1. Educational technology professional development as transformative learning opportunities

      Educational technology professional development can transform learning opportunities. This article focuses on adult learning theory as technology can be "intimidating and frustrating." All of this spiked my interest and I was excited to read more. However, to read more you must purchase the content of the entire article. So, in all this left me disappointed. Rating 2/10

    1. 1Engaging Adults Learners with TechnologyThrough hands-on experience and reviewing the literature, two instruction librarians explore and model best practice

      This article comes from the Twin Cities Campus Library and discusses how to engage adult learners with technology. First, it looks at Kolb's learning model of instructional design which includes that adults must have applying, awakening, practicing and observing. It is also imperative to have hands on learning when it comes to technology. Rating 7/10

    1. Technology Starts with Professional Development and Training

      This EdTech article focuses on the fact that integration of technology MUST start with an emphasis on coaching and teaching teachers first. One district, Calcasieu Parish Public Schools has found that you must, "select technology that supports our learning goals rather than building curriculum around technology." and "We don't put technology into the classroom without first giving hands-on trainings to teachers." Because of the need to train teachers first, there is an entire section of this article devoted to how adults learn! However, this article simply talks about adult learning for educators and how professional development is best during the day to minimize stresses for teachers. Rating 6/10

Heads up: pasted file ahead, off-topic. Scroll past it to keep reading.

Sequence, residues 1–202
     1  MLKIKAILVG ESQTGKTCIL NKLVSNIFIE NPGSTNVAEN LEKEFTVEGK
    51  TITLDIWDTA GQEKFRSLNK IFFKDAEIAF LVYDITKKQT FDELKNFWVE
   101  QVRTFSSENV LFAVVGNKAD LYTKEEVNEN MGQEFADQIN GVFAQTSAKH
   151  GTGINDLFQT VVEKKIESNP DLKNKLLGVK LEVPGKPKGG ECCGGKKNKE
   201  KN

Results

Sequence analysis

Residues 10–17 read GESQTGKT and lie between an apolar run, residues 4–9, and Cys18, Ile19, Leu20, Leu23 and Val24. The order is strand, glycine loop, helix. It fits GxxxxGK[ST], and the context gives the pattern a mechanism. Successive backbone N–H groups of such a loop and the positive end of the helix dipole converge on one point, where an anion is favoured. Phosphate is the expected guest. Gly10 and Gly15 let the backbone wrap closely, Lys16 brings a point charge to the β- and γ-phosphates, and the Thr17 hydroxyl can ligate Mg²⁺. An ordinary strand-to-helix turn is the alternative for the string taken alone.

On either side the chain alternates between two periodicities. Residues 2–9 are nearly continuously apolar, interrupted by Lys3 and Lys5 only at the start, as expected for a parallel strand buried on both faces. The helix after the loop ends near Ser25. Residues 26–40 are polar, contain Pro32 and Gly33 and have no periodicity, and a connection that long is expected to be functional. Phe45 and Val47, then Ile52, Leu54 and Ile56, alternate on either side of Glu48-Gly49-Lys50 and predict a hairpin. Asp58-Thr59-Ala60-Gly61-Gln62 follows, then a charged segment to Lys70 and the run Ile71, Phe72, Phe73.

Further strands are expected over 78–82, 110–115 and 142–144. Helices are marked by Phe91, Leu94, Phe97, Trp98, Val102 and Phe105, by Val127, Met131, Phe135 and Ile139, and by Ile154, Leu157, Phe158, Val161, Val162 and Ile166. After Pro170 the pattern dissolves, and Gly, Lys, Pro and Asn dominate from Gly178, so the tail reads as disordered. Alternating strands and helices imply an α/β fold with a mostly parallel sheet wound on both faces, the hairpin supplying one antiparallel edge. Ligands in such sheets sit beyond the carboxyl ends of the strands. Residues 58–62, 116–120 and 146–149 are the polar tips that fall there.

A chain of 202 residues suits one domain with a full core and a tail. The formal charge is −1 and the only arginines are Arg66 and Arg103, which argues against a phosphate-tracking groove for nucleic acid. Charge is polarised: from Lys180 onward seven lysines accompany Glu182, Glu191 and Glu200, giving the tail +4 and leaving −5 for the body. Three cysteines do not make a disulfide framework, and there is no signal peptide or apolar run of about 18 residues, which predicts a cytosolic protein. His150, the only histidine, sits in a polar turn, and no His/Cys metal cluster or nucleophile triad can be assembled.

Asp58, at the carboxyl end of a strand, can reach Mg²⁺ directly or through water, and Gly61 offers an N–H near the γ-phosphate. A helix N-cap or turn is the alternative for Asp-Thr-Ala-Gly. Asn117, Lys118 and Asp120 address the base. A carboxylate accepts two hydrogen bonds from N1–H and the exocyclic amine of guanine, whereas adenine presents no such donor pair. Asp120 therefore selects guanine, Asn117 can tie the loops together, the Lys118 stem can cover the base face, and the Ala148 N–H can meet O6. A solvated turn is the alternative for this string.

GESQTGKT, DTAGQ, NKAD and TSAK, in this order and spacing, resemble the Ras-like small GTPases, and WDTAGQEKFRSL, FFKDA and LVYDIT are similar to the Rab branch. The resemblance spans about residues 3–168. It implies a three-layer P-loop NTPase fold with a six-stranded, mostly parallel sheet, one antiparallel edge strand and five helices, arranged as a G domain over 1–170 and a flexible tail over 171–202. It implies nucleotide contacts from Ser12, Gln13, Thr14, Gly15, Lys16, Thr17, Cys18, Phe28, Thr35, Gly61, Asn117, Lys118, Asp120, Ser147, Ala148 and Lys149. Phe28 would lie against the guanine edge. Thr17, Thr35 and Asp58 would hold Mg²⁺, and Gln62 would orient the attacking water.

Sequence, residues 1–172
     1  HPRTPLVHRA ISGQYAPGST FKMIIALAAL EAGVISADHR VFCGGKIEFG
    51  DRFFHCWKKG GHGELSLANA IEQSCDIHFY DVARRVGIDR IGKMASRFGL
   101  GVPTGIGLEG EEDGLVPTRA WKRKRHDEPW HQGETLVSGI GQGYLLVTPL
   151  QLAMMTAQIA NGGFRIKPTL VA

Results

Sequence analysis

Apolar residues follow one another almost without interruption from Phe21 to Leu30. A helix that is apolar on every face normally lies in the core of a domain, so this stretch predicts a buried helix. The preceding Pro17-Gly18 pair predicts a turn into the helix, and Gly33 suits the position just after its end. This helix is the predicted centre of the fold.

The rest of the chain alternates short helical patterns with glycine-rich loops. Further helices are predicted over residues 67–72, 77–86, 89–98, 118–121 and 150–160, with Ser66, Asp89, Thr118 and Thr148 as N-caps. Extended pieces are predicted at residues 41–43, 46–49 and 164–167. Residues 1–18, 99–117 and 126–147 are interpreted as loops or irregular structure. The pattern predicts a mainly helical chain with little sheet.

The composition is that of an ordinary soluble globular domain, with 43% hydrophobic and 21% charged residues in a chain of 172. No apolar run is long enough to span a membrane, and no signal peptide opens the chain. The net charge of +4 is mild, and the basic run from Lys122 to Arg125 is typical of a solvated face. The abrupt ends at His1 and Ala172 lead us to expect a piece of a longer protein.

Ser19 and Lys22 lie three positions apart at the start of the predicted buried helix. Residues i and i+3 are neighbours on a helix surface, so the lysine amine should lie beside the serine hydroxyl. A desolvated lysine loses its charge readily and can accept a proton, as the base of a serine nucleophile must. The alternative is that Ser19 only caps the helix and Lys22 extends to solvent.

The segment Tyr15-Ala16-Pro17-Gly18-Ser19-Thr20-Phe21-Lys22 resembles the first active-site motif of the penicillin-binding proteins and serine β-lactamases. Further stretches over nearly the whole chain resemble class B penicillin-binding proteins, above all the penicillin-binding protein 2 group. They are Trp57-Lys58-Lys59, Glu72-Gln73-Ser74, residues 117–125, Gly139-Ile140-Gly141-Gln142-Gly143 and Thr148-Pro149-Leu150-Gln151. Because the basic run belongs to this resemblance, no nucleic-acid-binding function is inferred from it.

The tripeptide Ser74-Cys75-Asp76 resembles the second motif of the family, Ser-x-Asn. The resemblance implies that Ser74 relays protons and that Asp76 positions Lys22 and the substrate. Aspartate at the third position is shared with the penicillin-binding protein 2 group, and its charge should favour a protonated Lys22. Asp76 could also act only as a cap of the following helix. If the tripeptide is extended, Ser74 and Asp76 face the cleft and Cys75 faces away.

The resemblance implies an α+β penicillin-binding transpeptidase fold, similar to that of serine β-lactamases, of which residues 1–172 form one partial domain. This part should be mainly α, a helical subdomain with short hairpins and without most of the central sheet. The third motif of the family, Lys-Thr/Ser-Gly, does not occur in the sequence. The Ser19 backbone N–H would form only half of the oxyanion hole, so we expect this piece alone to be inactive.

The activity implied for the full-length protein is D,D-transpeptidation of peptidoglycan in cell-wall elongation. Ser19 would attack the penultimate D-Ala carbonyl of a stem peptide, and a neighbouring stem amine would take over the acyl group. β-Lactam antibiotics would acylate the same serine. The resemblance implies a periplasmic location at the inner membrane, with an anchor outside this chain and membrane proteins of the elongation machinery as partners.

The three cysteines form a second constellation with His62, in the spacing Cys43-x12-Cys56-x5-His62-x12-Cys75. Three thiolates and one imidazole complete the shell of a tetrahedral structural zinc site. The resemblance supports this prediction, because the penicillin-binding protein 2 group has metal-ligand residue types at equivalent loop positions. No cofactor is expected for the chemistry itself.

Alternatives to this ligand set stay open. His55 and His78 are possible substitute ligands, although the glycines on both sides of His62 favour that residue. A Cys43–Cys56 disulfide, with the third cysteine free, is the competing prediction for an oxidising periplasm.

1. AMR in 120 Seconds

      This YouTube video is a quick overview of the SAMR model of instruction essential for universal design. "S" stands for substitution - New tech replaces old material but does not change text. "A" stands for augmentation - students work to complete a task such as on google docs. "M" stands for modification - tech is used to redesign part of task and transform learning. Ex. google docs comment feature provides instant feedback. "R" stands for redefinition - design and create new tasks. Ex. communicating across world through google docs, discussing it through google voice and recording it all as presentation. Rating 10/10

    1. Reading on the web is a critical skill for engaging content online. They can be viewed as “exploring,” or “navigating the web.” Just as traditional reading requires knowledge of the text and concepts of print, reading online requires a basic understanding of web mechanics. Good online readers know the tools and strategies that can be used to search for and locate people, resources, and information. They then know how to judge the credibility of these sources.1 The web literacy skills and competencies identified under reading on the web are as follows. Search